And let us not forget what Napoleon's reign lead to. I don't think I need to state the obvious in that matter.
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Aj12
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(Original post by LysFromParis)
Napoléon shaped modern France, we still use most the law code he wrote, still use the administration he set up and still go to the graduate school he set up among many other thing. He was a great influence in continental Europe regarding principle such as meritocracy and civil law. Also he was the first to present the idea of a Jewish state.

http://en.wikipedia.org/wiki/Napol%C3%A9on_Ier#Legacy



You're lack of knowledge about his achievement does not entitle you with the right to be rude.
What an odd thing to say. It makes sense I just would not expect a statesmen to see that as their finest achivement
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MC armani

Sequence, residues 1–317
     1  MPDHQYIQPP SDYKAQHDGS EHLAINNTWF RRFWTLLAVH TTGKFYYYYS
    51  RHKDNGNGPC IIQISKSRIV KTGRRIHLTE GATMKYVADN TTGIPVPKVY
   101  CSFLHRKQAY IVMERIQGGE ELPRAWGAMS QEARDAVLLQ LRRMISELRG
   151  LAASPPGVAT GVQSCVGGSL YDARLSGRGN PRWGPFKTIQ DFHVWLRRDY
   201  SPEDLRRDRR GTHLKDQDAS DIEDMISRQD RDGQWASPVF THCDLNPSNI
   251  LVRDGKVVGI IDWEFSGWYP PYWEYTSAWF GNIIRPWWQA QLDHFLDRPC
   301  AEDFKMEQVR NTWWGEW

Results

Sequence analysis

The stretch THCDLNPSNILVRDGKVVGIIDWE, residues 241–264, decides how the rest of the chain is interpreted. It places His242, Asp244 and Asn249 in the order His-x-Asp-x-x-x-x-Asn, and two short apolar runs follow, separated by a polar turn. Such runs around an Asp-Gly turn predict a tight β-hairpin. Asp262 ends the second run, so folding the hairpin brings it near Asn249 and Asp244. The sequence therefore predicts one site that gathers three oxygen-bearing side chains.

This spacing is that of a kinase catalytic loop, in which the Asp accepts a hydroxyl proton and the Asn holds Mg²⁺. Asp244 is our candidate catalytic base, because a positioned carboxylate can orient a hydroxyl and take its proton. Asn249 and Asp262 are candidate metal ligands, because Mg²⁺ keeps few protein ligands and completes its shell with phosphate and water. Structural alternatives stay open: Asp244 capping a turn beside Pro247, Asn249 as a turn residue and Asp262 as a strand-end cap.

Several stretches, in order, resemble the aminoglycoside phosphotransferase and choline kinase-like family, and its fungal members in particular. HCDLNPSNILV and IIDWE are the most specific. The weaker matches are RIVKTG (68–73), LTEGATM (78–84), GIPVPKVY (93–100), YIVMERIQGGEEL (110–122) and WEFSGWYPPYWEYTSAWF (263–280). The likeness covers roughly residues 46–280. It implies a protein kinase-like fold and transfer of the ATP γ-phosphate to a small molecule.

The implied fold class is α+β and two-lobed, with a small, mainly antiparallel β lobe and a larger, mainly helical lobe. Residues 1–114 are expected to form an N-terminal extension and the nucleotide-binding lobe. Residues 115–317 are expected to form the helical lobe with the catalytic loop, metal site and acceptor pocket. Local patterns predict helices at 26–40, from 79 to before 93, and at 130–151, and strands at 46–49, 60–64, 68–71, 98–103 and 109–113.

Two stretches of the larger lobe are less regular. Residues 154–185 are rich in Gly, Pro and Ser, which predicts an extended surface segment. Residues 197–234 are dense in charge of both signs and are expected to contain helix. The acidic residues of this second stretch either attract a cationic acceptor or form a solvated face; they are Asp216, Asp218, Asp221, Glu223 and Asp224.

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(Original post by Brandmon)
Agreed. Uniting 25 separate states, albeit all sharing their common culture and the unification having a sense of inevitability, is no easy feat and is the single event that shaped the 20th Century as much as the Collapse of the USSR did to the 21st.
The nine years leading up to 1871 do indeed constitute the most unlikely achievement of any leader in the last two centuries. For Bismarck accomplished it without commanding a single soldier, without dominating a vast parliamentary majority, without the support of a mass movement, without any previous experience of government, without the charisma of a great orator and in the face of national revulsion at his name and reputation.

But I think there was another dimension to Bismarck's greatness, aside from his achievement. It was Bismarck's ability to instantly comprehend the momentousness of a situation and summarise its probable repercussions in just a few precise words. This ability, as a statesman, raises him above any other.

I recall that he said this in the presence of Disraeli at the Russian ambassador's residence in London: